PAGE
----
Wemmie named Roy J. Carver Chair in Psychiatry and Neuroscience

By Aleksandra Vujicic

​Communications Coordinator, Department of Psychiatry 

A leading physician-scientist who has been described as a ‘humble genius’ on his groundbreaking research in the Department of Psychiatry, has recently expanded his long list of accolades.

John Wemmie, MD, PhD, professor of psychiatry, neurosurgery, physiology, and biophysics, has been named the Roy J. Carver Chair in Psychiatry and Neuroscience, a high honor given to distinguished faculty members that helps financially boost their research efforts.

“This is a way to propel or propagate research efforts over time and it’s also a very nice honor,” Wemmie said. “It allows us to take on higher-risk projects that might ultimately have greater impact.”

Wemmie was awarded alongside Iowa Neuroscience Institute (INI) Director Ted Abel, PhD, who is now the Roy J. Carver Chair in Neuroscience. The endowed Chairs are funded by a historic $45 million gift from the Roy J. Carver Trust, which also established the INI last year.

Wemmie, who runs the Molecular Psychiatry Division and is the Associate Director of Translational Research in the INI, has done innovative work on acid-sensing ion channels in the brain, leading to major discoveries and national grant funding.

Wemmie’s research: ‘from molecule, to mice, to man’

Since the body normally maintains neutral pH levels, Wemmie was puzzled when he learned that a number of receptors in the brain were activated by acidic pH.

“My whole career has been built on that question: why do we have these receptors?” he said. “And are there more things to learn about dynamic small fluctuations in pH that are important for health and disease in the brain?”

Wemmie discovered that when the receptors were removed in mice, they behaved very differently and their brain function was altered.

“That’s a piece of evidence that pH and these receptors provide some really important role in brain function, behavior, thinking, and emotion,” Wemmie said. “Over time we’ve linked them to behaviors relevant to depression, anxiety, and drug addiction.”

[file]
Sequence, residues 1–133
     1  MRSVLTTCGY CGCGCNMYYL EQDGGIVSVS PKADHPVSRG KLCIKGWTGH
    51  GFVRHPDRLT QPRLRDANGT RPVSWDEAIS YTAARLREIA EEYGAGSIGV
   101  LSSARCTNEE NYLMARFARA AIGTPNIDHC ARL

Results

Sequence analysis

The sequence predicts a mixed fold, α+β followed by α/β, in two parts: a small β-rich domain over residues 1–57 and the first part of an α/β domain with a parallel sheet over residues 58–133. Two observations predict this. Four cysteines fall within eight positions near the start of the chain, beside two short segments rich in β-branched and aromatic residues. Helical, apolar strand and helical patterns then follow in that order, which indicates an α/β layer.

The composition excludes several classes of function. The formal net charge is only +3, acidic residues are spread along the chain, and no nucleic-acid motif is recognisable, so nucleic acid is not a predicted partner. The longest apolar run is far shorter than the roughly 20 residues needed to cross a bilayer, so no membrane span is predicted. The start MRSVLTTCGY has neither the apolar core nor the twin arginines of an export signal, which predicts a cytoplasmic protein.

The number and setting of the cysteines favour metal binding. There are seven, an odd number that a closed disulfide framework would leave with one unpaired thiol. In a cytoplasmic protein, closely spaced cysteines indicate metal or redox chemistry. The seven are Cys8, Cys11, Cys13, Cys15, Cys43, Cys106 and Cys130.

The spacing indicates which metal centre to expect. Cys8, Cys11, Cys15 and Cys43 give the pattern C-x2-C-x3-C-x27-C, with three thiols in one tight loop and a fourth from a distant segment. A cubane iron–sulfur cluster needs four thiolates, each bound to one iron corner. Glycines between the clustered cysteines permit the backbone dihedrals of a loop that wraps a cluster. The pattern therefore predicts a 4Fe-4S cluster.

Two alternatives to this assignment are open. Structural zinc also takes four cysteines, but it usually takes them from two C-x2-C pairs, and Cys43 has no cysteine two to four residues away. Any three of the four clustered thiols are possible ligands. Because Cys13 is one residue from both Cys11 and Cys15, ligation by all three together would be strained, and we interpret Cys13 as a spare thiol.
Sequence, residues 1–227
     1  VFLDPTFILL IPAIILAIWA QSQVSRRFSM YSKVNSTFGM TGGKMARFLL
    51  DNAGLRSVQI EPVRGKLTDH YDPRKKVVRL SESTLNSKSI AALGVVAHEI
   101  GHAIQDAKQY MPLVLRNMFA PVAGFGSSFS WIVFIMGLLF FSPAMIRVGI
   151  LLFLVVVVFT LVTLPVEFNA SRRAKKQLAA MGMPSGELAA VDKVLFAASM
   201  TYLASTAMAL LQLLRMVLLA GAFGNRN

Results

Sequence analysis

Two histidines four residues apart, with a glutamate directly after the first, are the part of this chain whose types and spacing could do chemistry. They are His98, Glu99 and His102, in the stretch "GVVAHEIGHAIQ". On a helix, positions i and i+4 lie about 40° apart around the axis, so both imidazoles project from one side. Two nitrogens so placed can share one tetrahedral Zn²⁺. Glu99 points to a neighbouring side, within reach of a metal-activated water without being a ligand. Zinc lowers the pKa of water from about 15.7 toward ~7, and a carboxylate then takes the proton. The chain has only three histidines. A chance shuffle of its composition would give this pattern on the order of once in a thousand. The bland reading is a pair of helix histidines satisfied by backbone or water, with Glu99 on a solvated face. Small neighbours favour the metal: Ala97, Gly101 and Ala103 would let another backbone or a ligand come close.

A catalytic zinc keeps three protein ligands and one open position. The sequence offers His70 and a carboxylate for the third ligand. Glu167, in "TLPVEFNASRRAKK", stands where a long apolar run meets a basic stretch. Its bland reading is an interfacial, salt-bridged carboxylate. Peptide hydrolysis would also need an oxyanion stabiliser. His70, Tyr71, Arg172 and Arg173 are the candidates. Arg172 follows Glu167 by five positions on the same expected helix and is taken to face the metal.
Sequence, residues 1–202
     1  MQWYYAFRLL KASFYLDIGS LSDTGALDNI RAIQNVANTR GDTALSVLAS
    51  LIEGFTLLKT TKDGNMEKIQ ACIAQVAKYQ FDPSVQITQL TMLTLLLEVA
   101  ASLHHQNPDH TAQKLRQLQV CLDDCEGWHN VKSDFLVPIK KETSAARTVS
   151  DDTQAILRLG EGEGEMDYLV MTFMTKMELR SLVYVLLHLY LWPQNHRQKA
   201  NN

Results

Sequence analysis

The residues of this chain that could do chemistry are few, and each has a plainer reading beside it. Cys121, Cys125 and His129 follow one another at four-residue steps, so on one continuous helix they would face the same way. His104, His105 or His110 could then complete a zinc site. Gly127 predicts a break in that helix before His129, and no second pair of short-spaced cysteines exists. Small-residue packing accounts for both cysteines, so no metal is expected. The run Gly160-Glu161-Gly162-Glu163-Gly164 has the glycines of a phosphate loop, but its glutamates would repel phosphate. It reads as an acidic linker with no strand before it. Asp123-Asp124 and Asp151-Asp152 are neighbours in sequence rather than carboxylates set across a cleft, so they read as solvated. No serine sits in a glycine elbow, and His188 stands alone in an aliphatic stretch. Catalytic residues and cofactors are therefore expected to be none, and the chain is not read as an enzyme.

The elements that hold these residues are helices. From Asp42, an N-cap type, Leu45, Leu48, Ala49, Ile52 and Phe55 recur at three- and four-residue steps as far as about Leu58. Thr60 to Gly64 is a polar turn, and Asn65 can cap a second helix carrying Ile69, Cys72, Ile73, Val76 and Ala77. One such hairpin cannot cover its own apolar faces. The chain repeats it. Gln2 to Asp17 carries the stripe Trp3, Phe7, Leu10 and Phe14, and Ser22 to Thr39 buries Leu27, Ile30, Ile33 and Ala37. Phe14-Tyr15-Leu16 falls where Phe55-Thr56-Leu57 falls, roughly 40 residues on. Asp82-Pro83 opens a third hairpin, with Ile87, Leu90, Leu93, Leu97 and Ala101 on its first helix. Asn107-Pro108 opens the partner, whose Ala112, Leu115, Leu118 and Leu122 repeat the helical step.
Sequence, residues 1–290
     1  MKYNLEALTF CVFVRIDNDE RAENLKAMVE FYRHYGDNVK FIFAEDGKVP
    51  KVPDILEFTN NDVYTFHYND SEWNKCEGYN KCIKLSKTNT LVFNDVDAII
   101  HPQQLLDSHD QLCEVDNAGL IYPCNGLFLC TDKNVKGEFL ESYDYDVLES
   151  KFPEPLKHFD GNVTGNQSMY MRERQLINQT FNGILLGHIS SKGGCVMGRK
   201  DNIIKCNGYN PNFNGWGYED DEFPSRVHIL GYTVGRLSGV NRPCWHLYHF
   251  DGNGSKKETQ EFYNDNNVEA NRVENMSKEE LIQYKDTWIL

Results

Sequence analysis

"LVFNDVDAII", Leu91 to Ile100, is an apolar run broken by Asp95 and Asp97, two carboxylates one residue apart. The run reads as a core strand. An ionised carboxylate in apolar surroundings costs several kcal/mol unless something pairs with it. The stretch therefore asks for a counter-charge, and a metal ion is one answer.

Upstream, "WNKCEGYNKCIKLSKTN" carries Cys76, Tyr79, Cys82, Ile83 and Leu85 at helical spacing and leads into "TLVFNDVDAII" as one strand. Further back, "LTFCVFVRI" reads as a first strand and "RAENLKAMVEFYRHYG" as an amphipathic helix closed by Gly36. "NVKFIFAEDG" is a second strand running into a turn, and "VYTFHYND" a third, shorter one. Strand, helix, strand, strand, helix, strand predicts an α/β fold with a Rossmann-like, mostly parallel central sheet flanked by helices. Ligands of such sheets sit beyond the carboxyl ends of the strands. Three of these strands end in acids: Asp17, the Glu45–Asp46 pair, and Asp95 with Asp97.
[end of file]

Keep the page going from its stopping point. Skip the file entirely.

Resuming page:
Wemmie says the absence of these channels may be a therapy for anxiety and depression. Conversely, the channels may help restrain and prevent addictive behaviors.

“The goal ultimately is to learn enough about these channels and to develop ways to manipulate them so they can actually be translated into diagnostic and therapeutic strategies,” he said.

He additionally launched a project with Vince Magnotta, PhD, professor of radiology, psychiatry, and biomedical engineering to translate this work into humans through brain imaging of pH in patients with panic disorder and bipolar disorder.

“His lab works from molecule to mouse to man,” said Peg Nopoulos, MD, Interim Chair of Psychiatry. “That's an accomplishment I think very few people do. It's one of the most brilliant things about taking something that's very singular-focused, but being able to expand it along the entire spectrum of science.”

Wemmie currently has several active grants from the National Institutes of Health, receives additional funding from the VA, and is leading a multidisciplinary Bipolar Disorder Research Program of Excellence, funded by the INI.

The endowed Chair award and the INI are infusing a significant amount of support into Wemmie’s work, adding to his already strong momentum.

“There are more collaborators, more funds to do research, broader visibility around the country and the world,” he said. “This synergizes to hopefully increase the visibility and impact of our work.”

Monday, November 20, 2017